Once in Laughlin, ready to party, we decided to leave the turtle in the car where it could enjoy the comfort and safety of its new surroundings. As a gesture of reassurance that we’d return, I picked up our new friend and rubbed its head gently with my fingertip and in return it pissed all over my tight white pants.
Looking back, I should have just drove over it.
Little mementos mean so much more as the years and decades pass by. I met Jamie shortly after graduating High School and we hit it off instantly. I was fascinated by her English accent, which was as fake as George Michael’s straightness, but her hilarious sense of humor and warm personality kept me coming back for more.
The 1980’s were great years because we were new adults and still believed our dreams would come true. Life is exciting when every experience is a new one and Jamie and I certainly shared a few.
Like the time we drove up to Mt. Charleston at 1:00am and got scared by a drunk, bruised and bloody guy running out of the forest seeking help because he rolled his car off the road. Or the time Jamie left me for dead in the hallway of my house because we drank a bottle of tequila so fast I got sick and passed out. But mostly, the late night hours we spent sitting in my car, smoking pot, listening to music and talking were some of the finest hours of my youth.
Jamie is part of my spirit and no matter the distance or time between us, we always seem to pick up where we left off, making new memories and having new conversations that always leave me better than I was before (with the exception of the tequila incident.)
To sum up our friendship, it all comes back to this story; Once upon a time, on a sunny 1980’s afternoon while out driving around town, we stopped at a street light and a car pulled up beside us. The male driver rolled down his window and motioned to get Jamie’s attention. When she looked over at him he said, “Baby, you is QUALIFIED to get in this car!”
Memories are strange. What causes our brain to hold on to certain moments and not others? There must be a connection between our emotions and our willingness to remember or forget snippets from the past. Some memories are significant as they mark milestones and events in our lives and others are seemingly insignificant as they are nothing more than passing minutes, yet we remember them anyway.
When I was twenty-four, I worked for a gaming company in Las Vegas. My job was to collect money from slot machines that were installed in bars and grocery stores all across town. It was a hard and dangerous job and took me to many unsavory parts of town.
One afternoon, while I smoked a cigarette outside of a neighborhood bar and waited for my partner to finish the money count, a woman named Angel approached me. She smiled and asked if I liked living in Las Vegas and then proceeded to tell me the story of how and why she moved to the desert. I offered her a cigarette and we continued our interesting conversation about hopes and dreams. The cigarettes eventually burned themselves out and she thanked me for my sincere interest in her thoughts, handed me a business card and invited me to share another conversation if I was in the area again.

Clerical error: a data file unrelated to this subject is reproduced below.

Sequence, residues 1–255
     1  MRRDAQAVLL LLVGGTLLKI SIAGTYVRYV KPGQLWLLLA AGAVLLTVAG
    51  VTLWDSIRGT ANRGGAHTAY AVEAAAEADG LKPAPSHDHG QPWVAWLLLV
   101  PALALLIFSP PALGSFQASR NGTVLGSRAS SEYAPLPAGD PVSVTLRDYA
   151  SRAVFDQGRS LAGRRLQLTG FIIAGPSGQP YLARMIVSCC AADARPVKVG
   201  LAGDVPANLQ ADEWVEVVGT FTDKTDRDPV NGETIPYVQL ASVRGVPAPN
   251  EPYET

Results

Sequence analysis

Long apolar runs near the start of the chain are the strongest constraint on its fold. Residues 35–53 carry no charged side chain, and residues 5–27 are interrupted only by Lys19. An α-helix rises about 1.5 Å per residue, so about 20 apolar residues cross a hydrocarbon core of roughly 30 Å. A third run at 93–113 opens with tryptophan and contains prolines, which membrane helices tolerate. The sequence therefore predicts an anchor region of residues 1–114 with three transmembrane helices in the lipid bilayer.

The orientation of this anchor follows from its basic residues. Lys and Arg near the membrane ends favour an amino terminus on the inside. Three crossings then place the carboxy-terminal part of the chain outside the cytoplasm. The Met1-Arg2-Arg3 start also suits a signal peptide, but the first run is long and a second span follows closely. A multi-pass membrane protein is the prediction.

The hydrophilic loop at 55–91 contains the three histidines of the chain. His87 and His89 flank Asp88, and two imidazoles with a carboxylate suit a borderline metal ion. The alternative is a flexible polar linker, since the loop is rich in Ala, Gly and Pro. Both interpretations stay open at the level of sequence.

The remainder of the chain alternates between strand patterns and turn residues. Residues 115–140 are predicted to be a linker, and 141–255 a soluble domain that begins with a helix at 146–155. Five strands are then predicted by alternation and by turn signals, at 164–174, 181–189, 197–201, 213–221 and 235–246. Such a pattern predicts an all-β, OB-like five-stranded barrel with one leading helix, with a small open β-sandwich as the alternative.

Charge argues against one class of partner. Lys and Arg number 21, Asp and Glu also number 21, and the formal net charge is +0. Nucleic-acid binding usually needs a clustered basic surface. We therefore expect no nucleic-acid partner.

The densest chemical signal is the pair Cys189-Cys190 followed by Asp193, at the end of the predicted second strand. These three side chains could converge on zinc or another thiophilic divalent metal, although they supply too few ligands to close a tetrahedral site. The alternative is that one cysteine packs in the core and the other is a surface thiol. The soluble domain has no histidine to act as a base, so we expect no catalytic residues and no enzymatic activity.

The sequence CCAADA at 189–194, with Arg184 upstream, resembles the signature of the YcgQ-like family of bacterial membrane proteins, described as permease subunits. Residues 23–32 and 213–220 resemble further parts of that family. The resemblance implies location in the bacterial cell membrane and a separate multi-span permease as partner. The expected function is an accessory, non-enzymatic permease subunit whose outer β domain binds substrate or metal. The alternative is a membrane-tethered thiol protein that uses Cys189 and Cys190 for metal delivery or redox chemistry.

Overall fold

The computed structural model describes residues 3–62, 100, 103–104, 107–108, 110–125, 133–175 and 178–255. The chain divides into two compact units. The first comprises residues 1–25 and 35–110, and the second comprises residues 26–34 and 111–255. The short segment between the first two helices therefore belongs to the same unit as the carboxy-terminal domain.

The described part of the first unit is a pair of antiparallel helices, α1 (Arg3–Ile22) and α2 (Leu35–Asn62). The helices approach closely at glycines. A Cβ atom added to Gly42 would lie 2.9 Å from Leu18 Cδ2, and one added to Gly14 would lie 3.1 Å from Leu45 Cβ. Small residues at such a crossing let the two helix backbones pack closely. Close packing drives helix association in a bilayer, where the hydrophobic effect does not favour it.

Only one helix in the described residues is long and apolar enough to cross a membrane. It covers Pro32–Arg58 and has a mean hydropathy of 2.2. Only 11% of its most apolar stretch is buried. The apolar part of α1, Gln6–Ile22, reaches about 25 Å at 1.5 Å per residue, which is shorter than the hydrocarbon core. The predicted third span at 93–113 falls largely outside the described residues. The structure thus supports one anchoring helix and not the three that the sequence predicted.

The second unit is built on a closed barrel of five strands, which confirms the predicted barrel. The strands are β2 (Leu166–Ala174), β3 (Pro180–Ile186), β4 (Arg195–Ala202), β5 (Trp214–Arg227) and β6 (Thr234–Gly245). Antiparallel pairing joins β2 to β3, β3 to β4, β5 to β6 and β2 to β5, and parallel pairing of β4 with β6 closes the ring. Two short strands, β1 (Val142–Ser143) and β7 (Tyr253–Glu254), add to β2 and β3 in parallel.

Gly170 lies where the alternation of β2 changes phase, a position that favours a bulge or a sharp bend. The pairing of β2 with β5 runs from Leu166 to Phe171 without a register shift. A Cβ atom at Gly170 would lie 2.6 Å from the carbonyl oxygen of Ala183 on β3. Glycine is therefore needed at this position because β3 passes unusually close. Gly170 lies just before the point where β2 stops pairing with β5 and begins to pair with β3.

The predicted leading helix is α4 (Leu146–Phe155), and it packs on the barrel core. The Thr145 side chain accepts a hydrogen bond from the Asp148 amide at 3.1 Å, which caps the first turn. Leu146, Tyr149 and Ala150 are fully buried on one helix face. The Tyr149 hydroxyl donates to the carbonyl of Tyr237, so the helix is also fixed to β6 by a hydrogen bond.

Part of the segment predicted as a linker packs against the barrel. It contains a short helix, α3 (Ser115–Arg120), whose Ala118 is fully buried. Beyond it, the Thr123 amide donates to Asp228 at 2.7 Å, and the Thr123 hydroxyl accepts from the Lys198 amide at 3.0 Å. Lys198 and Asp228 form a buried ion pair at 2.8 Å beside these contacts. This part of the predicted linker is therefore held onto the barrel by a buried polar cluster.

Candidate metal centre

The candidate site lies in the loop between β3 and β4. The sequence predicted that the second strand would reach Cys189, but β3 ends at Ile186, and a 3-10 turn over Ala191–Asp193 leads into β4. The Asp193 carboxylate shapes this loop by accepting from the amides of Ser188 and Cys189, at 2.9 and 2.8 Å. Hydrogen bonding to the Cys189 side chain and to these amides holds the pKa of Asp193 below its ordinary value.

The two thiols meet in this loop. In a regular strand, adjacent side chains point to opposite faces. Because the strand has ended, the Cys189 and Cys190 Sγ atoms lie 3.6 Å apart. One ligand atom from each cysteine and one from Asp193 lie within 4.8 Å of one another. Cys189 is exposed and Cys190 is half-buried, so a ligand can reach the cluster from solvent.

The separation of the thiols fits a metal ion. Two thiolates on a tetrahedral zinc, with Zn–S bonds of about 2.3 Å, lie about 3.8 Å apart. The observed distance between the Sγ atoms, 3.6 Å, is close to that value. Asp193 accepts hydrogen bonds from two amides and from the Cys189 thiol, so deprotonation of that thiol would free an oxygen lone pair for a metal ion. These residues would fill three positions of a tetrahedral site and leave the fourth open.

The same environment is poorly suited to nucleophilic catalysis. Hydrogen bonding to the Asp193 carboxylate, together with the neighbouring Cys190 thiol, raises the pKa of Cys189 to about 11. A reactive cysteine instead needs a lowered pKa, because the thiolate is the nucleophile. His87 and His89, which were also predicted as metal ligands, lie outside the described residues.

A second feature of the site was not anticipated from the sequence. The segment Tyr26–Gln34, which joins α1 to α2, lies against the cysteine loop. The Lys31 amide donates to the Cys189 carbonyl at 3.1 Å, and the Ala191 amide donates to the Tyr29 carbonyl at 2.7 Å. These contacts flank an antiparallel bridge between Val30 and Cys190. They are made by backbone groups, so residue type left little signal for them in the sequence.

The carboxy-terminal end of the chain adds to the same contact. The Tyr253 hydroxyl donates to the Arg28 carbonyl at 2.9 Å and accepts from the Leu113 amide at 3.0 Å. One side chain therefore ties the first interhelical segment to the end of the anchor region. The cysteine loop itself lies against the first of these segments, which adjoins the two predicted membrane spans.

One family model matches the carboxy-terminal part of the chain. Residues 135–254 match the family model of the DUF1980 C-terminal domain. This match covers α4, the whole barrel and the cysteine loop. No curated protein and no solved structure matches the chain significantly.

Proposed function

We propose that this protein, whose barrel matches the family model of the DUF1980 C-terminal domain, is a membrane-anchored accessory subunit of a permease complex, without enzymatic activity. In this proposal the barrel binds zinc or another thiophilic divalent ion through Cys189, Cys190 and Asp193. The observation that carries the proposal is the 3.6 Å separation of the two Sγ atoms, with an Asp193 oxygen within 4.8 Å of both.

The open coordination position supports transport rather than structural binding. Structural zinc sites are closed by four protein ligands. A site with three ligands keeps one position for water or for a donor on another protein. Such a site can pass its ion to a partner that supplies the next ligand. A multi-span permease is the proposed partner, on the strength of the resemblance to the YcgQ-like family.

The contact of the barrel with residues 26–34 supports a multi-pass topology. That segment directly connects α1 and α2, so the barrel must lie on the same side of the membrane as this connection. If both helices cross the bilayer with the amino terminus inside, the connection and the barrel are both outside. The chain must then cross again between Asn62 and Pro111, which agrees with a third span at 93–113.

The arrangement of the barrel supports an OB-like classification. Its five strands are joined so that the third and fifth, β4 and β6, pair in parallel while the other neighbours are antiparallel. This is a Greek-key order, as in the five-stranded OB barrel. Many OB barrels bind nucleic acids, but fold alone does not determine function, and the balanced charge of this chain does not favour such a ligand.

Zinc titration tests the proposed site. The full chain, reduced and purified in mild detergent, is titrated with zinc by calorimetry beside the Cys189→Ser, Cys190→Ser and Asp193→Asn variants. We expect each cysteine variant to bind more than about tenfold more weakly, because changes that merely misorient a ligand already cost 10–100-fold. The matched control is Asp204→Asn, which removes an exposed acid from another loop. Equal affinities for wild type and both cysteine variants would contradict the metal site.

Angel was a prostitute, although she never came out and said so. I knew and didn’t care. She was a person trying to make her way in the world, just like me and for that she deserved respect. I’ve kept that business card for all these years and have often wondered what became of her. Statistically, her life was probably cut short due to substance abuse and lifestyle, but I’ve held onto the hope she somehow managed to escape. If she did not, at least I am one person in the world who thought enough about her to keep that stained business card and remember a moment in her life.
Way back in 1980, long before Twitter and Facebook and Email, there was something called a letter. It was a handwritten message sent across the miles in an envelope addressed to the actual home of the recipient. In this paper package you could also find a real photograph slipped in between a neatly folded piece of decorative stationary that would contain a message, penned in ink or pencil, especially for you. This is one such historic document.
What I found most interesting about this letter, aside from the sweet memory of being so young, was Jean’s mention of the famous MGM Grand Hotel fire of 1980 in Las Vegas. I remember that chilly November morning well because I was walking to school through an open patch of desert and could see the smoke and flames clearly in the distance. What a tragic start to that day. You can read more about the fire HERE.
This comic strip created quite a stir when it was first posted to social media back in 2009. (Originally it was presented in a video format with voice-over narration.) The big controversy came from a Bi-Polar woman named Jane who believed the content was highly offensive and demanded we remove the video and issue an apology. Of course we refused and that marked our first experience with internet haters. Needless to say, we’ve come a long way since this silly little strip, but due to its significance in teaching us how to survive an Internet beat down, I thought it worthy of having a permanent home on this blog.
FOOTNOTE – Before this comic strip was ever posted to social media, I ran it by my Bi-Polar sister who thought it was truthful and humorous. If anything, this strip is a warning of consequences for Bi-Polar people who do not take the medication prescribed to them by healthcare professionals.
Just another typical conversation with Gloria about hookers, horse parts and old souls. TIP OF THE DAY – Friendship is the best fuel for the soul, I recommend you keep your tank full.